I work on instruments and methods for understanding Earth’s ice sheets (Antarctica and Greenland). I’m an electrical engineer by background, and I now work with Dr. Dustin Schroeder, whose lab mixes geophysicists and engineers to help erase the lines between science and engineering in glaciology.
I’m interested in technical solutions to expand our capacity to collect data about ice sheets and to improve the efficiency with which we can use that data. On the instruments side, I am developing a UAV-borne ice-penetrating radar system capable of collecting information about the internal layers and bedrock topography beneath ice sheets at a fraction of the cost of conventional crewed aircraft systems. On the data side, I have worked on data interpolation methods that leverage physics-informed machine learning to better integrate data with known physics. I am interested in methods that combine data with known physics to improve our understanding of unknown physical processes and in methods for optimizing the collection of data to most efficiently inform these models.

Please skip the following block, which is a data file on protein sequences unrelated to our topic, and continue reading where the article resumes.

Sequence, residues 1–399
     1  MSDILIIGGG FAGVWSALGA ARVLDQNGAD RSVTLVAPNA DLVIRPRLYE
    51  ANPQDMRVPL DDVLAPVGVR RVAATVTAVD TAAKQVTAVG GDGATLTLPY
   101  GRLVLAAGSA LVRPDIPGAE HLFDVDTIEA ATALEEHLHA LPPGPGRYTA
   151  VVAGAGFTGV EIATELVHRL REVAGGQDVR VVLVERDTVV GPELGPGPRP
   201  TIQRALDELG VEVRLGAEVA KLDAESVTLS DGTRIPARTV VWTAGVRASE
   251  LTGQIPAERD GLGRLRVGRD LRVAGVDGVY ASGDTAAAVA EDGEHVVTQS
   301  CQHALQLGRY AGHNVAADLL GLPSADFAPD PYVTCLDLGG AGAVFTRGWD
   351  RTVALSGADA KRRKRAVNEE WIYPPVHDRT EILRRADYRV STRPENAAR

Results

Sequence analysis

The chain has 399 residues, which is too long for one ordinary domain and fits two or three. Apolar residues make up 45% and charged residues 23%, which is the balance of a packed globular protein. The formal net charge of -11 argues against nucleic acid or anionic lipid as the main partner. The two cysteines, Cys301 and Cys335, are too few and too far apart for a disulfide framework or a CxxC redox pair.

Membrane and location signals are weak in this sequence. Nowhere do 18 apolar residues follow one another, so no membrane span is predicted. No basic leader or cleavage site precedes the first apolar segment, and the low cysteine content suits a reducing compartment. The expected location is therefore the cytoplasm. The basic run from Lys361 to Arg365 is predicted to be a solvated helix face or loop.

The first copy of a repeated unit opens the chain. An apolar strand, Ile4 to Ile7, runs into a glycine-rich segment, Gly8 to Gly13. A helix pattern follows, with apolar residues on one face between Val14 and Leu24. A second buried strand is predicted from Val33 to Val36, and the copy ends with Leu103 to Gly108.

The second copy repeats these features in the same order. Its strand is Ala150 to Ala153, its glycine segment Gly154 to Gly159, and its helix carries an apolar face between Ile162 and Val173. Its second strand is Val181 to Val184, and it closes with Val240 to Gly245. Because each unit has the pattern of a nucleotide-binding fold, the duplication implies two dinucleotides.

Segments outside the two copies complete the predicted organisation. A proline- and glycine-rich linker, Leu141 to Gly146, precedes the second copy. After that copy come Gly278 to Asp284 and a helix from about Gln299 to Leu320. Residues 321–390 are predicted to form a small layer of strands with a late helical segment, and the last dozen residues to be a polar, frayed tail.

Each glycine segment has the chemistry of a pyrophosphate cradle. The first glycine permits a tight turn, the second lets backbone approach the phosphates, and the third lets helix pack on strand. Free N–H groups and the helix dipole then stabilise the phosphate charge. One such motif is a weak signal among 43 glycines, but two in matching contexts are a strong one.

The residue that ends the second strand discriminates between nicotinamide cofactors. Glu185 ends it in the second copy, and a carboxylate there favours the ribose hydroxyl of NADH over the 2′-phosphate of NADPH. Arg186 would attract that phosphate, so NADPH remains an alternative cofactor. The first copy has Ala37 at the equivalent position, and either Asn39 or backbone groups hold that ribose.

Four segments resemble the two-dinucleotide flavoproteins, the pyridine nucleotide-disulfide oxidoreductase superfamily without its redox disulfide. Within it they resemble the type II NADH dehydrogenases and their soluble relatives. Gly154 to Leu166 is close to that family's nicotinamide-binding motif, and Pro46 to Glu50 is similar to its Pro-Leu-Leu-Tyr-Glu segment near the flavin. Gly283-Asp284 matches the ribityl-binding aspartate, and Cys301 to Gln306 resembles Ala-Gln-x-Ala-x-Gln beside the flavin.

I got my BS and MS in Electrical Engineering from Stanford. I subsequently worked on UAV perception systems for a commercial medical logistics company before being drawn back to Stanford for my PhD. I try to spend my free time (and at least some of my work time) outdoors, ideally in the mountains or the ocean.